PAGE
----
35. Tell Daddy that boys have a willy.
    36. Ignore Daddy’s request that you please, for the love of God, just go the toilet.
    37. Ask Daddy what girls have.
    38. Bask in Daddy’s discomfort.
    39. Get on the toilet.
    40. Ask Daddy to leave the bathroom.
    41. Wait for 30 seconds after Daddy leaves the bathroom.
    42. Tell Daddy that you don’t need to go anymore.
    43. Ignore the steam coming out of Daddy’s ears.
    44. Leave the bathroom and start walking down the stairs.
    45. Stop at the half way point and launch into a heart-felt rendition of “Heads, Shoulders, Knees and Toes.”
    46. Ignore Daddy’s request that you keep moving.
    47. Ignore Daddy’s warning that if you don’t keep moving, he’s going to walk down the stairs without you.
    48. Stay behind, singing “Heads, Shoulders, Knees and Toes” in an increasingly defiant tone, as Daddy walks down the stairs without you.
    49. Wait until it sounds like Daddy has gotten himself comfortable on the couch.
    50. Scream at the top of your lungs about being abandoned.
    51. Wait for Daddy to come storming up the stairs, scoop you up, march you back downstairs and put you in the naughty corner.
    52. Serve your time.
    53. Tell Daddy that you understand whatever stupid parent thing it is that he claims you’ve done wrong.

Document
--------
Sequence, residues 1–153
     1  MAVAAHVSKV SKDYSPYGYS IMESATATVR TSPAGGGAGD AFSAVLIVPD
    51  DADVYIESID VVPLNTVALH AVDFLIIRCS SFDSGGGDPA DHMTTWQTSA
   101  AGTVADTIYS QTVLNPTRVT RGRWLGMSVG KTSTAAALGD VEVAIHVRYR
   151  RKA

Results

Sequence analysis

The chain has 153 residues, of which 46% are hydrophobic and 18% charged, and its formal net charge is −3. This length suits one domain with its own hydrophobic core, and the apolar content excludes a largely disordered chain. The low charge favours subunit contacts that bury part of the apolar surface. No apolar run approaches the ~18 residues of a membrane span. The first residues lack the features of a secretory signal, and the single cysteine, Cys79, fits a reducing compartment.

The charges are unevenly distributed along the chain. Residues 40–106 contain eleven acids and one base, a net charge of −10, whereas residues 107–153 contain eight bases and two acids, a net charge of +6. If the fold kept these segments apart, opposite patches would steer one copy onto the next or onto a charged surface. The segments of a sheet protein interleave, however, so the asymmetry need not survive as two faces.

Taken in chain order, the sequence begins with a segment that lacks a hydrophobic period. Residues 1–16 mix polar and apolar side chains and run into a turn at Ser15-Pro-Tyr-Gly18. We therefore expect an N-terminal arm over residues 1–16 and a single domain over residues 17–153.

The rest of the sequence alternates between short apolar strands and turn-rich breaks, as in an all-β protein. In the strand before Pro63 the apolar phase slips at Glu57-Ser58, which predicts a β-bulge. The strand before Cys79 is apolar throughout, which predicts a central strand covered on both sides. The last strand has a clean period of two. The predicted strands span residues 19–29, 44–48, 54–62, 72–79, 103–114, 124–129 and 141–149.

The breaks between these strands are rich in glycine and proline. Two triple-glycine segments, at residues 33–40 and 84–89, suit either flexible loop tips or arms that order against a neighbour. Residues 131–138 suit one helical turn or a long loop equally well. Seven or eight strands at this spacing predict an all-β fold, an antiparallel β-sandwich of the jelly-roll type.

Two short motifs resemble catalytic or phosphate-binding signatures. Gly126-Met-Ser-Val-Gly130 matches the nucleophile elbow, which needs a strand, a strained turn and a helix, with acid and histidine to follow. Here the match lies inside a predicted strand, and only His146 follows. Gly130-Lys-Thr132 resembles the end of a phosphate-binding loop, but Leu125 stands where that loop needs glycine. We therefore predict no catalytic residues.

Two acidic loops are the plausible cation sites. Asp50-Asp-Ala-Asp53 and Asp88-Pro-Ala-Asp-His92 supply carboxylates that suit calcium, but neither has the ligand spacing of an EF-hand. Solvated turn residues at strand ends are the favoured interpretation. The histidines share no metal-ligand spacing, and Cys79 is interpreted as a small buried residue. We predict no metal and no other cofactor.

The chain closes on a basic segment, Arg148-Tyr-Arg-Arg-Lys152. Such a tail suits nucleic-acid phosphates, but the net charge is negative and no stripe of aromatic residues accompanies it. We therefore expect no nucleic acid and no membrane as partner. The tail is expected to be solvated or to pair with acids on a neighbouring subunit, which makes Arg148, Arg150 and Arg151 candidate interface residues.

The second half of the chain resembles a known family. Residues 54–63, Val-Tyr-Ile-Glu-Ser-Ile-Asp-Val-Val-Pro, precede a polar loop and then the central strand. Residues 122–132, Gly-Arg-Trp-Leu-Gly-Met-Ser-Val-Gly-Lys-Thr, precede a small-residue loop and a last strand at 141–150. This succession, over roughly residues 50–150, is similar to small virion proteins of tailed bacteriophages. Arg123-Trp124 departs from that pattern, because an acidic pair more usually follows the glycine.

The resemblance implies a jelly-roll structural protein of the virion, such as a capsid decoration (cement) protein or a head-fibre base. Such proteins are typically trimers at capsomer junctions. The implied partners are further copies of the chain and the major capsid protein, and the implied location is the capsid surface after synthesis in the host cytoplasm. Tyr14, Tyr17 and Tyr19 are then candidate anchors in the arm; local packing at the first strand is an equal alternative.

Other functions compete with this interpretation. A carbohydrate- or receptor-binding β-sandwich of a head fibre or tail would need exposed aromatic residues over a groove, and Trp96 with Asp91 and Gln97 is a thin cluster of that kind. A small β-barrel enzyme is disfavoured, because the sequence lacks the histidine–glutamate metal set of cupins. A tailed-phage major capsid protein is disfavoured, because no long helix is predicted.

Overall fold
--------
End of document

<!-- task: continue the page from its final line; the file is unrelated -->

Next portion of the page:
54. Apologise in a manner that is as insincere as is humanly possible without quite being disrespectful enough to justify additional time in the naughty corner.
    55. Wait for Daddy to get comfortable on the couch again.
    56. Tell Daddy that you need to go to the toilet.

 

Much of the frustration that I experience as a parent stems from different flavours of the same basic situation – one of my kids taking an eternity to do something that they’re perfectly capable of doing quickly.

 

My three year old daughter is perfectly capable of walking up a flight of stairs. She’s perfectly capable of using the toilet. She’s perfectly capable of walking back down a flight of stairs. But try getting her to perform those three simple tasks before the end of a television commercial break. In fact, try getting her to perform them before the end of a television show. It will never, ever happen. There will always be delays.